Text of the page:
. which we have just looked at. There are present participles and past participles. They are called participles. They “obey the rules”. But I I I I write eat sleep drive I I I I wrote ate slept drove I I I I have have have have written eaten slept driven These verbs are not at all regular. Present participles are easy. Participles There are two other verb forms in English that you may find it useful to know about. They’re the -ing forms. is a regular verb in English. They go their own individual ways. But consider: I live I help I consider I lived I helped I considered I have lived I have helped I have considered These verbs are regular. Maybe you have never thought about bits of language being regular or irregular.20 Regular verbs? Irregular verbs? The verb to live.
Participles by themselves are not finite. written. are. Use a present participle along with am. . The irregular ones do their own thing. The complete verb in the sentence is will be staying. previous page) just take -ed as an ending. so we get eaten. for instance. he drawn. were. You already know that staying is a present participle. driven. are sailing. You will learn to recognise them by their functions in context. had. We don’t say. Auxiliaries More jargon. Past participles are less simple. drawn and scores of others. he worked and they helped simply shows that with regular verbs the past participle and the simple past tense are identical. have been etc and you get the continuous tenses: was going. is. was. gone. am trying and the rest. Look at this sentence: He will be staying there for three weeks.21 Add -ing to any English verb and you have a present participle. The regular ones (see regular verbs. or -d if they already end in e. The fact that we do say. I eaten. We don’t use them by themselves.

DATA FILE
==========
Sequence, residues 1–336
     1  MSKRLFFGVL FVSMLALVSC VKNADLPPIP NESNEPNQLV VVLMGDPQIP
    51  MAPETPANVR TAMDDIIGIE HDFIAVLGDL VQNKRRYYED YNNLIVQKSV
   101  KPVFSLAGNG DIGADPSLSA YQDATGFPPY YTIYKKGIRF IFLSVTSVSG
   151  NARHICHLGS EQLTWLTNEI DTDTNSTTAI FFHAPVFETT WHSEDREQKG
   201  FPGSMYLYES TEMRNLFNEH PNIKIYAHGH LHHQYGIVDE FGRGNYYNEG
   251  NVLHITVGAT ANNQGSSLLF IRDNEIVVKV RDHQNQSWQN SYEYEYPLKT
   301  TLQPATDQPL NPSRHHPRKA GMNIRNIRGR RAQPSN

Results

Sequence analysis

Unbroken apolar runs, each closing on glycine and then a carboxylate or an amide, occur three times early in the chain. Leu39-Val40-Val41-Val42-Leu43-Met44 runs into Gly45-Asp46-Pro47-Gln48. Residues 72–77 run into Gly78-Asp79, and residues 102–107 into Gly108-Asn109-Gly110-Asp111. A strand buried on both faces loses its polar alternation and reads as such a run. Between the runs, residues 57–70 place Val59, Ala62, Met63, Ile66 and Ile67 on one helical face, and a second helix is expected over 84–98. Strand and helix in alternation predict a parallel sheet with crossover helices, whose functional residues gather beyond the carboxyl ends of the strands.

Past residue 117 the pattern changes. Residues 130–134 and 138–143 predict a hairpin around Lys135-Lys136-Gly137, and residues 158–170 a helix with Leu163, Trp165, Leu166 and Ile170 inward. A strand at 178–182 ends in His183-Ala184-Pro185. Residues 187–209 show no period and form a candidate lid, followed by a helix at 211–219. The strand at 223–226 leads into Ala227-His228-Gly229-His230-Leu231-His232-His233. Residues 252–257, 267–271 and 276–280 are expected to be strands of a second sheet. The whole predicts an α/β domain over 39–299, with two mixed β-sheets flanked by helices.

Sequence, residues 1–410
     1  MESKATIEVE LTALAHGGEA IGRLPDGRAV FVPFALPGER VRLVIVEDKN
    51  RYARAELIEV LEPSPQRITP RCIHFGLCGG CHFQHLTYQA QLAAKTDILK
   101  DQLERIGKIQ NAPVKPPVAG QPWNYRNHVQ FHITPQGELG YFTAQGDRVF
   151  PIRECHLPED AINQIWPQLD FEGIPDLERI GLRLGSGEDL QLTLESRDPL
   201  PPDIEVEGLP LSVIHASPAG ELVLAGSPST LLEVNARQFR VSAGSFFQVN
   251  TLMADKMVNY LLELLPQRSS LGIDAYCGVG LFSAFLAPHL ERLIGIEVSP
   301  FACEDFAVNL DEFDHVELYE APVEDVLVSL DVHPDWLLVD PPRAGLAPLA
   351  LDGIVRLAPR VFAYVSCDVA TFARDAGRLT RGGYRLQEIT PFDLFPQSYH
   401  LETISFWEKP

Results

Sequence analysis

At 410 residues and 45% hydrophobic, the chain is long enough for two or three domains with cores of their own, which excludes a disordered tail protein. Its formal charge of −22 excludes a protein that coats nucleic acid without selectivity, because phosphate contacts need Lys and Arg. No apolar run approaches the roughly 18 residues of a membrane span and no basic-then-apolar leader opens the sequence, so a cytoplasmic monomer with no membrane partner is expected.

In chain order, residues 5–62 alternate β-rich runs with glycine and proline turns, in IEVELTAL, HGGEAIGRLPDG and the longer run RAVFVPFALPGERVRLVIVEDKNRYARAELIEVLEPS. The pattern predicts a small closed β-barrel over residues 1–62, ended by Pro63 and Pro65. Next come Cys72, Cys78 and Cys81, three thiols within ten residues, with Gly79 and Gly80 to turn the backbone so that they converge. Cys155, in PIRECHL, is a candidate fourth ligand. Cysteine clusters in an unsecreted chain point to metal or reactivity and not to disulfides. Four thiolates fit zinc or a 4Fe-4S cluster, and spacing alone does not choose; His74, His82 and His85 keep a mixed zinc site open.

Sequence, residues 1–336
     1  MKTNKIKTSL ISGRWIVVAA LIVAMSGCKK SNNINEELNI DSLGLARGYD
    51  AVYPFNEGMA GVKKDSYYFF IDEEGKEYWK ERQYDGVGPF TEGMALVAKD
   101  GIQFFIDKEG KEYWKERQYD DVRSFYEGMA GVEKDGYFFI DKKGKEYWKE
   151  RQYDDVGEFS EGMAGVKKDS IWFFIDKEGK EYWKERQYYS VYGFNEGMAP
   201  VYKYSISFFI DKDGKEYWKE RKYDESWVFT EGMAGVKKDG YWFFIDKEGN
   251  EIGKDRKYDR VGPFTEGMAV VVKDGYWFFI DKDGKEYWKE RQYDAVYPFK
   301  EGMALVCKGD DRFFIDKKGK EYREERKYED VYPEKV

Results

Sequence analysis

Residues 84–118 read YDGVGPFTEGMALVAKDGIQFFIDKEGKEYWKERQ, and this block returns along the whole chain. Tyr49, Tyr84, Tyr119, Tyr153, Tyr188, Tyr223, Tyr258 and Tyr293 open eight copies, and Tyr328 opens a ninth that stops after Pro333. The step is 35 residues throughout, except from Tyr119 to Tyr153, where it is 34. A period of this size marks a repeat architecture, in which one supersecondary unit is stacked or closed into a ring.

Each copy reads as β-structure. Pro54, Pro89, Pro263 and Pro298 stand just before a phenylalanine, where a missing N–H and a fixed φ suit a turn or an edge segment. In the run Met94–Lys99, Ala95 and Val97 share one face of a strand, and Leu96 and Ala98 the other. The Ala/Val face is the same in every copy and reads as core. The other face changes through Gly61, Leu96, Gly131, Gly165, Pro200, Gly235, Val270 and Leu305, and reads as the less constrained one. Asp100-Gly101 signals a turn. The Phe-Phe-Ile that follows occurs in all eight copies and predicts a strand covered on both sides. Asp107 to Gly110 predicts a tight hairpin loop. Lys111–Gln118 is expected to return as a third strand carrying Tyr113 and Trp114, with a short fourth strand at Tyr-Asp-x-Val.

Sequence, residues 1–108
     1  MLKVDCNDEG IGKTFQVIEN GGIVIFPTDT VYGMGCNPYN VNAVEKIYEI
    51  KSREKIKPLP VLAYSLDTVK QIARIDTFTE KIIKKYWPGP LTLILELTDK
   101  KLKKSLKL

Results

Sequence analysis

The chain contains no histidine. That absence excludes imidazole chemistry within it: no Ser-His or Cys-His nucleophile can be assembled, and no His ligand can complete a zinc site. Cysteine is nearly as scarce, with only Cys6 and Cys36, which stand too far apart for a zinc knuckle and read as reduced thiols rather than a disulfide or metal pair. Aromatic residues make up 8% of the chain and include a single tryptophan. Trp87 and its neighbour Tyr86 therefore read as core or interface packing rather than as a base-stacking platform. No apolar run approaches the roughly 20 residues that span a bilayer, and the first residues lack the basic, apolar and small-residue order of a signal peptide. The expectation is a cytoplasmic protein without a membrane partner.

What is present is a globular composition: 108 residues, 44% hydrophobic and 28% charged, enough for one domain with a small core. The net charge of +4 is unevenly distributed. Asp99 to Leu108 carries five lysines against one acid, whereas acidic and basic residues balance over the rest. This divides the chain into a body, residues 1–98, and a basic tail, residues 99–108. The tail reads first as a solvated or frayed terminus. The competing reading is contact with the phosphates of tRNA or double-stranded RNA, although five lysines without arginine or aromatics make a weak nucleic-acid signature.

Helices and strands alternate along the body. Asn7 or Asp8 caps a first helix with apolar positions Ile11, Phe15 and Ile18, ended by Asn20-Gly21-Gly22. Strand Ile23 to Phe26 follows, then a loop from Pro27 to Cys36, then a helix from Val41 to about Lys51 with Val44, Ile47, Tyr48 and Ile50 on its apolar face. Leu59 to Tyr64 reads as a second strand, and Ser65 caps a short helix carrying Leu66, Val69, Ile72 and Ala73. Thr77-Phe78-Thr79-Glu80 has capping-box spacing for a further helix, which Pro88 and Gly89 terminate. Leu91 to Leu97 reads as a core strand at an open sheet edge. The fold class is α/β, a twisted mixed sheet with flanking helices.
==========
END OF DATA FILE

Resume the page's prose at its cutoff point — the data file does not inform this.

Put — your toys away. Most auxiliaries are also finite verbs in their own right when they are used alone. Go back and look them up. . but auxiliaries when they are used in conjunction with participles. but they may in other languages. If you look back at other verbs we have discussed you will recognise other auxiliaries. They don’t take different forms in English. Take — the next turn to the right. In primary school they used to be called helping verbs.22 The words will and be are called auxiliary verbs. (There’s another example for you — two in fact. Imperatives These are the verbs for instructions and commands. There are two examples at the bottom of page 3. please.) Here are some more: • • • • Watch — your step! Beat — the butter and sugar together. have and am to name just two.
Try playing around with some more examples. “I’m going fishing.” If we report this to someone else some time later. He said he was going fishing. we’ll say.23 Direct and indirect (reported) speech Have you ever noticed how we alter our verbs when we report what someone has said? He said. You’ll think of plenty. .
noun Mine is a big family. we don’t use them as verbs or nouns or anything else. English has plenty of them.24 Adjectives These are the words that describe things. • • • • This possum’s usual home is the wet forest. wild wide long beautiful irregular expensive conscientious cool But some adjectives look like verbs. In fact they are parts of verbs. tasteless. adjective Our shop is a family concern. They are nouns doing the work of adjectives. an exciting story a boring lesson a painted picture an excited child bored students a writing implement Other adjectives look like nouns. . but they do the work of adjectives. adjective Here’s the account book. Most adjectives are always adjectives. odourless and abundant. Why does she keep that rickety old bike? Are they clever? Oxygen is colourless. • • • • noun Give him his account. That is.